Cannabis use as an indicator of risk for mental health problems in adolescents: a population-based study at secondary schools

W A van Gastel*, W Tempelaar, C Bun, C D Schubart, R S Kahn, C Plevier, M P M Boks

*Corresponding author for this work

Research output: Contribution to journalArticleAcademicpeer-review

28 Citations (Scopus)

Abstract

BACKGROUND: 

Although the association between cannabis use and a wide range of psychiatric symptoms is fairly well established, it is not clear whether cannabis use is also a risk factor for general mental health problems at secondary school. Method A total of 10 324 secondary school children aged 11-16 years, participating in an ongoing Public Health Service School Survey, gave information on demographics, substance use, school factors and stressful life events and completed the Strengths and Difficulties Questionnaire (SDQ).

RESULTS: 

Cannabis use in the past month was associated with a clinically relevant score on the SDQ [unadjusted odds ratio (OR) 4.46, 95% confidence interval (CI) 3.46-5.76]. Other risk factors associated with poor psychosocial functioning were: a low level of education, alcohol use, cigarette smoking, hard drug use, frequent truancy, an unfavourable school evaluation, feeling unsafe at school, being victimized, frequent absence due to illness, a mentally ill parent, molestation by a parent, financial problems and feeling distressed by an adverse event. In a full model adjusting for these risk factors, cannabis was not significantly associated with mental health problems, although an association at trend level was apparent. Of these risk factors, regular alcohol use, cigarette smoking, hard drug use, frequent truancy, an unfavourable school evaluation and frequent absence due to illness were also associated with cannabis use.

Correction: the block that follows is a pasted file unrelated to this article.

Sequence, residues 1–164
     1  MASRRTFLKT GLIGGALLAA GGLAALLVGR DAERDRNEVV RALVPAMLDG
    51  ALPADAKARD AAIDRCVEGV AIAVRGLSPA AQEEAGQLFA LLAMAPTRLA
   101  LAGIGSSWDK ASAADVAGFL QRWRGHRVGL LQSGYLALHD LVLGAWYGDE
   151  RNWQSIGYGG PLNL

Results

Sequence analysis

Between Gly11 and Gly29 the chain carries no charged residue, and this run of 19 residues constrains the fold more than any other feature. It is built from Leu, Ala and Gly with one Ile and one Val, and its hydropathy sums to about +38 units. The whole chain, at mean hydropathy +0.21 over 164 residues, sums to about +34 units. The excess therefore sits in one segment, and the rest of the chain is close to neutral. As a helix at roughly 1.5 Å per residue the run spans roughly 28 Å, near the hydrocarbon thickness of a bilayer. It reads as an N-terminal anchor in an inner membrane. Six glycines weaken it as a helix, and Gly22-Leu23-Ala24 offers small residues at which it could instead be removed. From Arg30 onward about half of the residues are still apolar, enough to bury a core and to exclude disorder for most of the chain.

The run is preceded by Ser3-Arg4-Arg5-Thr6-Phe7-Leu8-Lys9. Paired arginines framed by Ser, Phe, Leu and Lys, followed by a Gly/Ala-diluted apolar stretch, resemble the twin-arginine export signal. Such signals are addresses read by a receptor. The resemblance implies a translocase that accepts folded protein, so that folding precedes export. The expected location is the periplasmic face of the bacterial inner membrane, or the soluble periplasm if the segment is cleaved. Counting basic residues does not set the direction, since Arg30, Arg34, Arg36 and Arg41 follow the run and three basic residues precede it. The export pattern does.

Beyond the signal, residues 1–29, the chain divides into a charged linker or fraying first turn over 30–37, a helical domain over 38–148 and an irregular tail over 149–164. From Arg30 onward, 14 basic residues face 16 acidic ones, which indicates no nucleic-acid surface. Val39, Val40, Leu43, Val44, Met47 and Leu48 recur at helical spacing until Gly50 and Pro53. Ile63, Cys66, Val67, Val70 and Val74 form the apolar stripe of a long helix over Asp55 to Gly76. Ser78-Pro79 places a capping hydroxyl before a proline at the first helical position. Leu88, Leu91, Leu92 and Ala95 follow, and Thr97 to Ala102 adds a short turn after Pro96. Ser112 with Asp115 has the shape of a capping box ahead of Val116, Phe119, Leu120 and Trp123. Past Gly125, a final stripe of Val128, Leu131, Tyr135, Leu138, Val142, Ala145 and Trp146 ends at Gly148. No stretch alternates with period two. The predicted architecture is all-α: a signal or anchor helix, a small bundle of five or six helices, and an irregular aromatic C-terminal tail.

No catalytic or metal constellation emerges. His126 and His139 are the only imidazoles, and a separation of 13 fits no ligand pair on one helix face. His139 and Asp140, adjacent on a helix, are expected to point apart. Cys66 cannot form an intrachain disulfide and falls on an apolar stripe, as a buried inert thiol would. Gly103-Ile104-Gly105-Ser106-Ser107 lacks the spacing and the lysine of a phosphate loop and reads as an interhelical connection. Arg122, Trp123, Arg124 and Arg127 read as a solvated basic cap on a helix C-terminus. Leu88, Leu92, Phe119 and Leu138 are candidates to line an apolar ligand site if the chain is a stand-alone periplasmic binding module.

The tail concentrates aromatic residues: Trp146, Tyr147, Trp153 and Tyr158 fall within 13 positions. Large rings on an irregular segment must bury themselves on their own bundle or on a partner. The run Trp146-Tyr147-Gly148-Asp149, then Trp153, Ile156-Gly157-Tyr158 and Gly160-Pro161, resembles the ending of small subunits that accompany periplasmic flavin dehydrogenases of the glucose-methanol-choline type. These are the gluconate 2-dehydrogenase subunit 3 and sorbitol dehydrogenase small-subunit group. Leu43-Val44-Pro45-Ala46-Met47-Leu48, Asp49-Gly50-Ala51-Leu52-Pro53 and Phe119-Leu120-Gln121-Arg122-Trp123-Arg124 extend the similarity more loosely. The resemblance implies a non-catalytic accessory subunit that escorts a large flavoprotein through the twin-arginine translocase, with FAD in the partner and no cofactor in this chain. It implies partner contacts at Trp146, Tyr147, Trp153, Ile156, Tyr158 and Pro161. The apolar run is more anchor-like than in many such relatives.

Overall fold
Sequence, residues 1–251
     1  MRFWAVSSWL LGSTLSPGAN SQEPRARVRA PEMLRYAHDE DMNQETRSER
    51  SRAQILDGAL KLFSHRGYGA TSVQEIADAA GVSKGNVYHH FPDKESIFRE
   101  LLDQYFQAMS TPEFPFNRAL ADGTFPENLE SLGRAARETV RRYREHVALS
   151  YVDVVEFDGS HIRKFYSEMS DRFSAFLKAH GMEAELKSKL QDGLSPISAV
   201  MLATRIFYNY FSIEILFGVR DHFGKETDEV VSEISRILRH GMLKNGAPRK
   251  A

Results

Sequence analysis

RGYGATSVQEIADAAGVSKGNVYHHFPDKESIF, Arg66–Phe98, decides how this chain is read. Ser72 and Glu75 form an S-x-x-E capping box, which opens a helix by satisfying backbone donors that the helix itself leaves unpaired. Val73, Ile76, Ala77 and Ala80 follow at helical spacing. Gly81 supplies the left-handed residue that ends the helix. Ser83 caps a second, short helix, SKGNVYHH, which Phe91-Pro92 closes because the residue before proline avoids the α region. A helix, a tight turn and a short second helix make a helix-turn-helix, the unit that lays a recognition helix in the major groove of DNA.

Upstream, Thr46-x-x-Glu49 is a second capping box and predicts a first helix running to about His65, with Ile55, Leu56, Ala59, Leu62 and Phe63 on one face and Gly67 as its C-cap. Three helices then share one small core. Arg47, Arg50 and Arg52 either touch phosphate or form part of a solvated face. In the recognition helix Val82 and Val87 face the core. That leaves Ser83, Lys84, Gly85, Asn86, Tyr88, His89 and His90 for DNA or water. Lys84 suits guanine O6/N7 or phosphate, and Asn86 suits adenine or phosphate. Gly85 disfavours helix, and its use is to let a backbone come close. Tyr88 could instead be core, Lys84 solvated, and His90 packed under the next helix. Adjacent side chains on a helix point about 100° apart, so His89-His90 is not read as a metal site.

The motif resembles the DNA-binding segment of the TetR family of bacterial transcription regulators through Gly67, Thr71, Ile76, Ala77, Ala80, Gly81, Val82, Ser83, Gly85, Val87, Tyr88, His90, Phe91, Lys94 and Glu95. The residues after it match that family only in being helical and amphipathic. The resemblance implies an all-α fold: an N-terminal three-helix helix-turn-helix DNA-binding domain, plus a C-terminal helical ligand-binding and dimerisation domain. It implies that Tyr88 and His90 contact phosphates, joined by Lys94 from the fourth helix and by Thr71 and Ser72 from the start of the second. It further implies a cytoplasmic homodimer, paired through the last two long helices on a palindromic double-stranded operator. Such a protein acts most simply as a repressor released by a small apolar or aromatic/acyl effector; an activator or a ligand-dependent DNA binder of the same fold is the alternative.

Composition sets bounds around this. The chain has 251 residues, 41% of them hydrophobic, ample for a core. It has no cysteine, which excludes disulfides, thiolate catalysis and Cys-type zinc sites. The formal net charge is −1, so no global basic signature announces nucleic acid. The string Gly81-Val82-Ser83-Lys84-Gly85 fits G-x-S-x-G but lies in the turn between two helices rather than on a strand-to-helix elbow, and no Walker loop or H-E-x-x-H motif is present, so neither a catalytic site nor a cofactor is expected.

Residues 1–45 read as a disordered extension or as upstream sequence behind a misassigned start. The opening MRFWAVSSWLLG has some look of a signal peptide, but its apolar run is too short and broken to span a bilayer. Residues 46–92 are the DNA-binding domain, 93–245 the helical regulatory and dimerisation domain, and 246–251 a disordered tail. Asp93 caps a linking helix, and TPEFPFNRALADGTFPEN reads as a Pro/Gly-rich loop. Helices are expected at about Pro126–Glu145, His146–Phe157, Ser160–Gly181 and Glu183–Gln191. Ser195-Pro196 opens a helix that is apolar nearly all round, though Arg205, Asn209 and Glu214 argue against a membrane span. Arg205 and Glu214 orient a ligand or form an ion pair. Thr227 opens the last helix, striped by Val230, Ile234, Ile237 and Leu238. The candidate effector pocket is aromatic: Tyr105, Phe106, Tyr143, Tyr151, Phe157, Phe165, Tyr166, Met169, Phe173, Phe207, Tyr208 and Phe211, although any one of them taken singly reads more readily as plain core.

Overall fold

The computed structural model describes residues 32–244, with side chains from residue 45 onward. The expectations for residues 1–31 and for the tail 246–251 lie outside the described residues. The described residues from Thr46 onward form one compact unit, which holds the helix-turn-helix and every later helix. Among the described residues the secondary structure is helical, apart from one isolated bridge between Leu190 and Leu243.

CONCLUSIONS: 

The association between cannabis use and poor psychosocial functioning in adolescence is due, at least in part, to confounding by other risk factors. Thus, cannabis use can best be viewed as an indicator of risk for mental health problems in adolescence.

Original languageEnglish
Pages (from-to)1849-56
Number of pages8
JournalPsychological Medicine
Volume43
Issue number9
DOIs
Publication statusE-pub ahead of print - 3 Dec 2013
Externally publishedYes

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